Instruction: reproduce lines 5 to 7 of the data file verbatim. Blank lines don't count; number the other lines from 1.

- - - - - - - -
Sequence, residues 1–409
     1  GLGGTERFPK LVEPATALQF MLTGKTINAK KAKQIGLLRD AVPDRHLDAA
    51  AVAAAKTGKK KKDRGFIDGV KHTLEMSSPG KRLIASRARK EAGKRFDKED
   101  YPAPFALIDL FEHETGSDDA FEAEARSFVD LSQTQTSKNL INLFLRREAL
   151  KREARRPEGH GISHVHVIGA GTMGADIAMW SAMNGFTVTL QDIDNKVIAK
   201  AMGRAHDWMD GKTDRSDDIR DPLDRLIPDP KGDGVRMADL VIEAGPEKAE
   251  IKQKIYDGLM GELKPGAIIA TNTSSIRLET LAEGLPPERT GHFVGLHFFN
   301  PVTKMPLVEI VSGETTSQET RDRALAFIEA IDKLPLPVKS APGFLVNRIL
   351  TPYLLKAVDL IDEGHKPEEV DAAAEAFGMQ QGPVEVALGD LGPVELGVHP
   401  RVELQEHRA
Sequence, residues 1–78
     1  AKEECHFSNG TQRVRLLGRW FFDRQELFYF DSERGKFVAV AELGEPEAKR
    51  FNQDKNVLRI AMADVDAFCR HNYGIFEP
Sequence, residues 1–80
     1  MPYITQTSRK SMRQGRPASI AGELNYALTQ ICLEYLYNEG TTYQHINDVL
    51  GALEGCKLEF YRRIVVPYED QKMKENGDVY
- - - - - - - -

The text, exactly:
   151  KREARRPEGH GISHVHVIGA GTMGADIAMW SAMNGFTVTL QDIDNKVIAK
   201  AMGRAHDWMD GKTDRSDDIR DPLDRLIPDP KGDGVRMADL VIEAGPEKAE
   251  IKQKIYDGLM GELKPGAIIA TNTSSIRLET LAEGLPPERT GHFVGLHFFN